The first Lansdale book I read was The Bottoms. That book doesn’t contain much of the author’s signature humor, so I was glad to see it in this book.The first Lansdale book I read was The Bottoms. That book doesn’t contain much of the author’s signature humor, so I was glad to see it in this book. Unfortunately it pretty much peters out after the first 50 pages or so. The story was good though, if a bit predictable at times. It’s essentially the story of a mysterious murder that has ever-widening aftershocks for the townspeople of Camp Rapture, TX, and for the protagonist, in particular. Cason is an ex-writer, ex-soldier who has come home searching for some stability in his life. He lands a job at a local paper and comes across his predecessor’s notes on a local disappearance. Thinking he can translate this story into attention in the journalistic world beyond his small town, Cason begins to investigate. And that’s when it starts to hit the fan. There are some interesting characters in this book, chief among them (in my mind) is Booger. For me he’s kind of a conglomerate character of a few different guys I know, at least one of whom I suspect is a sociopath, all of whom I avoid. I honestly don’t know if this is a great introductory book to Joe Lansdale’s work, but it is easier to find than many of his others....more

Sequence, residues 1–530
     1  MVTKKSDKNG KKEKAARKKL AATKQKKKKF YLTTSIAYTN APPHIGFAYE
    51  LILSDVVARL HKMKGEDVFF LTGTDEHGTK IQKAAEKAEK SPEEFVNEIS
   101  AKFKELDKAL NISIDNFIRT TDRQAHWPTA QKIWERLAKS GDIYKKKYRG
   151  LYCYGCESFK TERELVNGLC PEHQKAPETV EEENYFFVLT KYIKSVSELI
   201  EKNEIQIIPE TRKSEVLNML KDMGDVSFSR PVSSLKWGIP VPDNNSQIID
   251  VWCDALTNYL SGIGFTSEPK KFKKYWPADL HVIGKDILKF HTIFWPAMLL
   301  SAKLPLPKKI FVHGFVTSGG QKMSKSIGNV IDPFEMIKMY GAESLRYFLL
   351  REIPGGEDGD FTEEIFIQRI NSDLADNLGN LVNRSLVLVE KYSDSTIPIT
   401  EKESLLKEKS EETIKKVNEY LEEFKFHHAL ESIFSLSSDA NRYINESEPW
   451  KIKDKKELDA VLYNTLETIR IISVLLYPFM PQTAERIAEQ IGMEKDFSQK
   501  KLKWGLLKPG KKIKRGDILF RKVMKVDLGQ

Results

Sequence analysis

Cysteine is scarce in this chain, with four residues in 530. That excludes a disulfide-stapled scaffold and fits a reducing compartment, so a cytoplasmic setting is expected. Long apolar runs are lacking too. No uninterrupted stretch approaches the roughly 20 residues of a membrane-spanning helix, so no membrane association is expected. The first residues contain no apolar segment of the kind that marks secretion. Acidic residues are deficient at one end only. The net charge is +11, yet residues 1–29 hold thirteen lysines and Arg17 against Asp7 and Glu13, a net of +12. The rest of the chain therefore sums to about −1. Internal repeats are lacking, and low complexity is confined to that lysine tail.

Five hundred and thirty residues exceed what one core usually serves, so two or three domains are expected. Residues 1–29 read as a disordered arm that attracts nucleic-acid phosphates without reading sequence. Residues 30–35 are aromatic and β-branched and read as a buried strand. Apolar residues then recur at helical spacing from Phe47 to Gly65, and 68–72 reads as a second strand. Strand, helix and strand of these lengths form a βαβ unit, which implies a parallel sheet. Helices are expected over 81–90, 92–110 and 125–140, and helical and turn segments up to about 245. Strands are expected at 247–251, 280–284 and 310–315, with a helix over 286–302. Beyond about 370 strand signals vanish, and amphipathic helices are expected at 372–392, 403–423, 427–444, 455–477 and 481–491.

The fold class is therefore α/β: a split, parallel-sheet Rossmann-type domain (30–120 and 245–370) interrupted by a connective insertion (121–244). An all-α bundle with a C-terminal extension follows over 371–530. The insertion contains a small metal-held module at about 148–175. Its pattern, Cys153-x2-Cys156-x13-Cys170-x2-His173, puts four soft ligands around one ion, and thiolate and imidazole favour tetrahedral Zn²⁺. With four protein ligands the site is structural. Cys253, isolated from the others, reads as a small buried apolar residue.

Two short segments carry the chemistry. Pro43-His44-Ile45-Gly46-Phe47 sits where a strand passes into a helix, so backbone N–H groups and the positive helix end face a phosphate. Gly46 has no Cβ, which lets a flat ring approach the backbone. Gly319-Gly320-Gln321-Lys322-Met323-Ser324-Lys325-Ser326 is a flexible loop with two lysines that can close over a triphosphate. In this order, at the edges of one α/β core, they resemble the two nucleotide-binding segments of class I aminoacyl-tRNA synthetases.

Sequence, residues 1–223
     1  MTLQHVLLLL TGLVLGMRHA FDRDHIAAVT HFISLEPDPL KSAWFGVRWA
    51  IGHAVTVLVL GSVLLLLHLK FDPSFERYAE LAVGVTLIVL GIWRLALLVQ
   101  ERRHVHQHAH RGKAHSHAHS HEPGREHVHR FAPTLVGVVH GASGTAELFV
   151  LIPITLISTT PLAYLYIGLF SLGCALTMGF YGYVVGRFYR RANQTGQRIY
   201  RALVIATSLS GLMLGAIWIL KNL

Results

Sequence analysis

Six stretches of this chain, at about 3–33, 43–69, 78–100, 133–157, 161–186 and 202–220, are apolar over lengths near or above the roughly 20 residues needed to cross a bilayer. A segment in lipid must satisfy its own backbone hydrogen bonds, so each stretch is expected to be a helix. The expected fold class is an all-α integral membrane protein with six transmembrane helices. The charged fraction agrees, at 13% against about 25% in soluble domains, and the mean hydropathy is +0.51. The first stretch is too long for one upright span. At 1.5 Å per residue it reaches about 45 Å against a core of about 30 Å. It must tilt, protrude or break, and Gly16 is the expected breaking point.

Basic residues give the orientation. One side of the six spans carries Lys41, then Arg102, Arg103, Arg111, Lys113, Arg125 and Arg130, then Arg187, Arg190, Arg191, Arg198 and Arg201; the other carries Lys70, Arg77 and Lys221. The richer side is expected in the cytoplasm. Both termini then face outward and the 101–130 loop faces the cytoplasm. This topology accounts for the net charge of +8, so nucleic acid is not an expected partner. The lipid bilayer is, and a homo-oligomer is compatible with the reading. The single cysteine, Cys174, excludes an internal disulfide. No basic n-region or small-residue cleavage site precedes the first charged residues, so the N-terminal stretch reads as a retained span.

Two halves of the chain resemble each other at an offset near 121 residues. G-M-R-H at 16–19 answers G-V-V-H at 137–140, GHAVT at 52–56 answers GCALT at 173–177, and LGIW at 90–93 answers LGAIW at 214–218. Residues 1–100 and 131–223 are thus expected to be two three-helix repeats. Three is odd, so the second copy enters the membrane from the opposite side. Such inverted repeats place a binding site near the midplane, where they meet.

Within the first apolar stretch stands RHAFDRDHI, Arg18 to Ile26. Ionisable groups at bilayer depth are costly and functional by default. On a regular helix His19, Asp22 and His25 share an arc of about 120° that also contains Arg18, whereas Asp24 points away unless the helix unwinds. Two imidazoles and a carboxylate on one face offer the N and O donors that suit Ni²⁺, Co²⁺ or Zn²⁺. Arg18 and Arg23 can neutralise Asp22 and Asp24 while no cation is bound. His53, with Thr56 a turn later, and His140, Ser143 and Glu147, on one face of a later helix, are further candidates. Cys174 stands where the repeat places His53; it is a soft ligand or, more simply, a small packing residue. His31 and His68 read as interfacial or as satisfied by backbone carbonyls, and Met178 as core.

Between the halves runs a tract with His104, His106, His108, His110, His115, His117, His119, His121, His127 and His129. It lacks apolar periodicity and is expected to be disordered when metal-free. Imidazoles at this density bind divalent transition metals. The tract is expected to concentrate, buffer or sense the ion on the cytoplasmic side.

First Leonard and Hap novel. Not that impressed. The story is okay. The characters are endearing, exasperating, and annoying in turn. The element thatFirst Leonard and Hap novel. Not that impressed. The story is okay. The characters are endearing, exasperating, and annoying in turn. The element that keeps the reader engaged is the Lansdale humor - this is also what bumped the book up to three stars.
There's also the depiction of most southerners as racists and homophobes. I see this a lot and it has grown tiresome for me.
Still a Lansdale fan, but I won't be reading a Leonard and Hap any time soon....more